The first question I bet a lot of you are asking is “what kind of mushrooms should I use?” There is an easy answer for this: whatever kind is your favorite! If you are a novice in the mushroom world, you can purchase the regular, common, white, button mushrooms that you can find in the produce section of every grocery store. If you are a mushroom connoisseur, get wild! Shiitake, maitake, hen-of-the-woods, oyster, morel, enoki…there’s a veritable cornucopia of mushroom types to try out there, each with its own distinctive features, colors, and flavors.
But here’s a tid-bit of information for you: ever heard of a crimini mushroom? Or a champignon? Or a portobello? Well guess what…they are ALL just different versions of the same common mushroom. Criminis are brown and the younger version of the common white mushroom. Champignons are just a fancy name for the common white mushroom. And when common white mushrooms grow up and mature, they are called portobello mushrooms. Each of the stages of the mushroom’s life gives it subtle differences in flavor, but don’t be fooled into outrageous prices for the less common forms of the common mushroom.
You’ll notice in the recipe that I suggest using homemade chicken soup or beef bone broth. My favorite is beef bone broth because I think the earthy flavor of most mushrooms (and I’ll be honest – I usually use plain old white button mushrooms for this recipe!) is really complemented well by beef flavor. But you will still have a perfectly tasty soup with chicken broth and if chicken broth appeals more to you for any reason, absolutely go ahead and use it.
Please do, however, make your own broth. I’ve provided a link in the recipe for directions on how to make beef bone broth. It takes a bit of time (although a lot of that time is spent simply simmering the ingredients), but it is well worth it from a flavor standpoint, but also from a financial and health standpoint. The reason I prefer that you make your own is because then you know exactly what is in it. You know for a fact that there are no preservatives or MSG or things like that in it.
Plus, when you make your own broth, you are participating in a centuries – maybe millennia – old tradition undertaken by people all over the world. Making broth from the bones and other uneaten parts of animals and leftover vegetable scraps used to be – and still is, in some areas of the world – a daily activity. Folk medicine tells us that these broths keep us healthy and strong and can cure a plethora of health problems. This is, of course, something modern medicine has only recently started to explore. But I think it’s pretty cool to stand in my modern kitchen, with all my modern kitchen tools, doing the same basic thing humans have for centuries.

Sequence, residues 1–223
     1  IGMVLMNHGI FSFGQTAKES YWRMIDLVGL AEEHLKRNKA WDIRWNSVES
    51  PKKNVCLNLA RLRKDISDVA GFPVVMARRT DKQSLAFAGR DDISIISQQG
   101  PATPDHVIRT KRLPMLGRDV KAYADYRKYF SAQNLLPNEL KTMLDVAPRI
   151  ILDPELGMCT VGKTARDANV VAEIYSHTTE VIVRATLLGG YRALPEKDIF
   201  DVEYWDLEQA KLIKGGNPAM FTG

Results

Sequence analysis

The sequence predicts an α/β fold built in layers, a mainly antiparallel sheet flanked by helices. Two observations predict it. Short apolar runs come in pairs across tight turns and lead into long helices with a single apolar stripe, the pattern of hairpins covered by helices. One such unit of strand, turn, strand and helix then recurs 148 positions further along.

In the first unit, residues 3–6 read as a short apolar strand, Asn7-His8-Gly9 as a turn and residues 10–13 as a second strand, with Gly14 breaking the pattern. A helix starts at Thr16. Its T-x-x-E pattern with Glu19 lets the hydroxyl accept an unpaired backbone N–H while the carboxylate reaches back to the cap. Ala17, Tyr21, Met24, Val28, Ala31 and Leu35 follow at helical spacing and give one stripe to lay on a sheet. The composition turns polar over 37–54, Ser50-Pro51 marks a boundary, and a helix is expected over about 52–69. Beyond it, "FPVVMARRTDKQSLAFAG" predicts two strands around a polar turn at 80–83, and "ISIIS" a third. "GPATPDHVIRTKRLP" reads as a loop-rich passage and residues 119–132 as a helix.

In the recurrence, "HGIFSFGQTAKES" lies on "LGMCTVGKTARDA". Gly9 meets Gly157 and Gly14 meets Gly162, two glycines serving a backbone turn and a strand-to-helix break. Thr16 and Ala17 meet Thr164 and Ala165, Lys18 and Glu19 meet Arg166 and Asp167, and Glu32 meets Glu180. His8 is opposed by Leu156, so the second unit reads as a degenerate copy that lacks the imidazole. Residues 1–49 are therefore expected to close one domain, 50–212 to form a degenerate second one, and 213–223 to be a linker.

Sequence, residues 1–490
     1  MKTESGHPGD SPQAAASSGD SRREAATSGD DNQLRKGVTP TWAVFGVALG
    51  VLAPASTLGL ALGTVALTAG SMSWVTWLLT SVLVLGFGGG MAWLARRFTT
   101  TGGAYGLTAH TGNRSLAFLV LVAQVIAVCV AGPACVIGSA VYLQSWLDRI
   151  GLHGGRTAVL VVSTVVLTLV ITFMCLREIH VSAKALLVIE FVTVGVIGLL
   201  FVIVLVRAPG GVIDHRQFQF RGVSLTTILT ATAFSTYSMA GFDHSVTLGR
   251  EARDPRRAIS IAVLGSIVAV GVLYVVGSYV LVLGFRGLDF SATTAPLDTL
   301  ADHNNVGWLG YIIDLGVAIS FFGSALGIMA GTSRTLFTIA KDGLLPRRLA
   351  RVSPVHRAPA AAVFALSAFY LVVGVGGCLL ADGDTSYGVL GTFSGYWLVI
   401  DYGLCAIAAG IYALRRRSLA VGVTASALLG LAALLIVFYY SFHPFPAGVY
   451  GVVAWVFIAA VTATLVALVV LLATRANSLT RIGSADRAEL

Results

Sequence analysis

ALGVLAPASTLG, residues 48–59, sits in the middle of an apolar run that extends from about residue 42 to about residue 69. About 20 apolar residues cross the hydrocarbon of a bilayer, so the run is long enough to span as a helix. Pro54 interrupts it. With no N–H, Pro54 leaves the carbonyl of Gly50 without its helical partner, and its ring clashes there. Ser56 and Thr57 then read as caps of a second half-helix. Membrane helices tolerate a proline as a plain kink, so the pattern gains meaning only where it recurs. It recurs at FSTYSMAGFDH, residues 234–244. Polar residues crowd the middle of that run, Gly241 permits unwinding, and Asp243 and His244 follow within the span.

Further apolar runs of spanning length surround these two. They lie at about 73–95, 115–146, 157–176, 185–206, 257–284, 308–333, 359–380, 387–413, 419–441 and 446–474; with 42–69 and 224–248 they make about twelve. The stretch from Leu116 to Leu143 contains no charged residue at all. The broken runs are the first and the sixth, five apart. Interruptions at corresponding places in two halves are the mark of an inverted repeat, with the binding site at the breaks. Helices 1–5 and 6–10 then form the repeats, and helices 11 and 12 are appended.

And finally – the optional bacon. Optional? Crazy talk! Who doesn’t add bacon whenever possible? But seriously – although you’ll sadly miss out on the smoky, meaty, bacon flavor, if you are for some inexplicable reason opposed to bacon, leave it out. You will still have a perfectly delicious bowl of mushroom soup. I love to enjoy mine with a Paleo zucchini muffin or one of my other Paleo white-bread substitutes on the side. Enjoy!
(Make this next: Slow Cooker Italian Sausage Soup)
- 10 ounces sliced mushrooms
- 1 medium onion, chopped
- 2 garlic cloves, minced
- 3 ½ cups homemade chicken soup or beef bone broth
- 2 tbsp ghee
- 1 ½ tsp fresh thyme leaves
- 4 bacon slices (optional)
- salt, black pepper to taste
- Heat non-stick pan over medium heat.
- Add bacon and cook until crisp.
- Crumble bacon and set aside.
- In a large pot melt ghee over medium heat.
- Add onion and cook for 5 minutes.
- Add mushrooms and cook for 8 minutes or until golden brown.
- Add garlic and cook for 30 seconds.
- Add soup and 1 teaspoon of thyme, cover with a lid and simmer for 15 minutes.
- Remove from the heat and use a stick blender to blitz until smooth.
- Season to taste with salt and black pepper.
- Divide soup between four bowls, sprinkle with crumbled bacon and remaining thyme leaves and serve.
|Vitamin A||247.2 µg|
|Vitamin C||15 mg|
|Folic Acid (B9)||26.1 µg|